I was 16 when I discovered The Cure.
The church dances I felt obligated to attend as a teenager were torturous. Though I am still plenty introverted as an adult, I was positively reclusive as a teen. There were girls there, and I did like music, so maybe I was more enticed than obligated. At any rate, I wanted to enjoy going to these things, but really didn’t. All I felt was a mountain of anxiety, sitting at the back of the darkest half of the gymnasium. Alone, I listened.
The music was usually the same uninspired Top 40 fare every time. Not all bad, but spotty. This night, though, was different. The kids never got to control the equipment, but we could make requests. I’m not sure if it was the DJ’s choices or someone whispering in their ear, but they started playing music I’d never heard before. It sounded sophisticated and exciting and slightly weird, and it really spoke to me. One song in particular came on with the final words “just like heaven”, and it really made an impression on me. The sound of the guitar, the pretty tune, the unusual voice, the painterly lyrics—what poetry was this? Who was this? Above the music, I heard some kids nearby talk about “the cure”. I repeated it to myself so I wouldn’t forget.
The next chance I had—maybe it was the next day, or the next week—I walked to the store near my house that I knew had music. The “C” section was stuffed with cassette tapes for The Cure, but none of them had any song with “heaven” in the title. No, this album was called Disintegration, and its cover was a very pale face floating beneath a sea of gauzy flowers. Thinking that I had maybe misconstrued the name of the song at the dance, and being intrigued by this very artistic album cover, I bought it and hoped for the best.
It was sadness made beautiful.
Laying on my bed back home, the new cassette tape hissing quietly, I listened with anticipation to the sound of chimes ringing in the wind, gently trailing off into silence. If you know this album, you know what comes next. “Plainsong” was a wholly unexpected explosion of orchestral synths and silky guitars. Even through what were surely terrible headphones, the music was enthralling. It was like nothing I had ever listened to before; the music seemed to play forever before anyone started singing. And when the singing started, it was no “Just Like Heaven”, but it was unquestionably the same voice. Like that song I had heard at the dance, he sounded melancholy, and so did the words. It spoke so immediately to my 16 year old heart that I could hardly believe it. It was sadness made beautiful.
My parents ever understood why I loved this album so much. Why I wrote the lyrics of “Prayers for Rain” on my school notebook and wore a Disintegration t-shirt to school way too many days in a row. One night we had family “music appreciation” where we all played a song that we enjoyed. About 2 minutes into “Plainsong”, their patience ran out and one of them asked “When is the song going to start? Is this it?” I was seriously annoyed, but this music wasn’t for them. It was mine. I knew what it was and why it was great.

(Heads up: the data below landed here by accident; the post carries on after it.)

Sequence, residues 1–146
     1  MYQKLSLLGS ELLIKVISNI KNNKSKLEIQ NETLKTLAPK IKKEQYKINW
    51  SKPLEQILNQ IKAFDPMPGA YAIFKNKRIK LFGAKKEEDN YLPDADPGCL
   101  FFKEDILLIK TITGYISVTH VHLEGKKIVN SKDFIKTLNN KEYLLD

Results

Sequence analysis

It’s no understatement to say that Disintegration is the most influential album I’ve ever listened to. From that moment, I started getting adventurous about seeking out left-of-center artists, looking at more obscure music magazines for other bands that looked different or were identified as Cure-adjacent, and quickly shifted my entire focus to what are now known as all-time classic 80s alternative bands like New Order, Depeche Mode, The Sundays, Pet Shop Boys, and The Smiths, plus emerging bands like Cocteau Twins and Lush (and, naturally, The Cure’s whole back catalog). I filled every available minute of my life listening to all of it.
The 90s weren’t far away. It wouldn’t be long until grunge exploded, and I would fold a lot of that music into my collection, too. But I listened to The Cure pretty heavily for a good stretch of the 90s, and—to this day—there’s no question that a lot of what I enjoy listening to tracks back in one way or another to The Cure and, specifically, to Disintegration.
The album is a touchstone for many, many people, so my experience is not necessarily unique, but it is mine. I really don’t know if I would love music as much as I do, or have felt the compulsion to venture out into alternative musical veins, if it wasn’t for Disintegration. I know that this album embodies a very difficult time, and I can’t imagine that it was easy to write. But, it showed me that men could be—all at once—colorful, moody, expressive, unusual, sensitive, and emotional. It gave me new sounds, new perspective, new avenues, and a new vocabulary for expression.
A new me.
Thank you, Robert.
(And happy birthday.)